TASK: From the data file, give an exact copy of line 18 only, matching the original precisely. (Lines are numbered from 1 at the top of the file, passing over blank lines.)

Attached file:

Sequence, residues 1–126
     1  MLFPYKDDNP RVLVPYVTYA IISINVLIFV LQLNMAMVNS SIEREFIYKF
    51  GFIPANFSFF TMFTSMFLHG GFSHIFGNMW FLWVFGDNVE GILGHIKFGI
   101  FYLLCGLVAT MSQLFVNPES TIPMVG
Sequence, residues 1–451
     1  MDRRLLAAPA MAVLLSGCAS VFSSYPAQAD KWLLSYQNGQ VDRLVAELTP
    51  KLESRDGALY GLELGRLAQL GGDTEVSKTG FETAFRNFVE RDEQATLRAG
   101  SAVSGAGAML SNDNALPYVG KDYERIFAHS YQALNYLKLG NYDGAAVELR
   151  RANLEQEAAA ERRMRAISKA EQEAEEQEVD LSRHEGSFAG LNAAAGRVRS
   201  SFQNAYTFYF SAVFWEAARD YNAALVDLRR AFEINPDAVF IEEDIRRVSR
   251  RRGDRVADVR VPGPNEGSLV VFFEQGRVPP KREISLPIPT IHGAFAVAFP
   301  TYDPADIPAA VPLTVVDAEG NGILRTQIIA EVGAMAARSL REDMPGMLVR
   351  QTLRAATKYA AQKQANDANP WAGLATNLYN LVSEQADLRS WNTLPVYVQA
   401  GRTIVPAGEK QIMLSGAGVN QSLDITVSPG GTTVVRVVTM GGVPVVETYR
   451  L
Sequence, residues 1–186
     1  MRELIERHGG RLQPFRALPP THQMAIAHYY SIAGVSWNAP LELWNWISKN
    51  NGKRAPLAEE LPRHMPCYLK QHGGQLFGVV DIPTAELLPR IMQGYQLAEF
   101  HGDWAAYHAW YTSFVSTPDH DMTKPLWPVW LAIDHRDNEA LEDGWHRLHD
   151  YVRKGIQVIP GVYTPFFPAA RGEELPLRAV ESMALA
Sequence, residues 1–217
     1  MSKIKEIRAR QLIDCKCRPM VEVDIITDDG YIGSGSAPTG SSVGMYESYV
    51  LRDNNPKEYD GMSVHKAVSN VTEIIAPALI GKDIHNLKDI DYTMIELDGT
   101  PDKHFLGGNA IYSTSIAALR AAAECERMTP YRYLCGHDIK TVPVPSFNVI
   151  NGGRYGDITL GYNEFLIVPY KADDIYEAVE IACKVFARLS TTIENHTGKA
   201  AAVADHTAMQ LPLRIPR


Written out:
    51  NGKRAPLAEE LPRHMPCYLK QHGGQLFGVV DIPTAELLPR IMQGYQLAEF